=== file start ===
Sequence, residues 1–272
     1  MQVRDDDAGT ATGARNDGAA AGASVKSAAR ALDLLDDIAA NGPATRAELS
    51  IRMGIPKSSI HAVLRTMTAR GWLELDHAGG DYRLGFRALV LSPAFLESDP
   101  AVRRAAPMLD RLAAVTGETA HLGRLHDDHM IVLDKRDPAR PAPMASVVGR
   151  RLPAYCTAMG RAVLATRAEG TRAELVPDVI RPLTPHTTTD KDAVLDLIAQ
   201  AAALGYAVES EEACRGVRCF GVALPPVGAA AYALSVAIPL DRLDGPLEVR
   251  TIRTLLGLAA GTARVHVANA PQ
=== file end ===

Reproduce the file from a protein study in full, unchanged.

Sequence, residues 1–272
     1  MQVRDDDAGT ATGARNDGAA AGASVKSAAR ALDLLDDIAA NGPATRAELS
    51  IRMGIPKSSI HAVLRTMTAR GWLELDHAGG DYRLGFRALV LSPAFLESDP
   101  AVRRAAPMLD RLAAVTGETA HLGRLHDDHM IVLDKRDPAR PAPMASVVGR
   151  RLPAYCTAMG RAVLATRAEG TRAELVPDVI RPLTPHTTTD KDAVLDLIAQ
   201  AAALGYAVES EEACRGVRCF GVALPPVGAA AYALSVAIPL DRLDGPLEVR
   251  TIRTLLGLAA GTARVHVANA PQ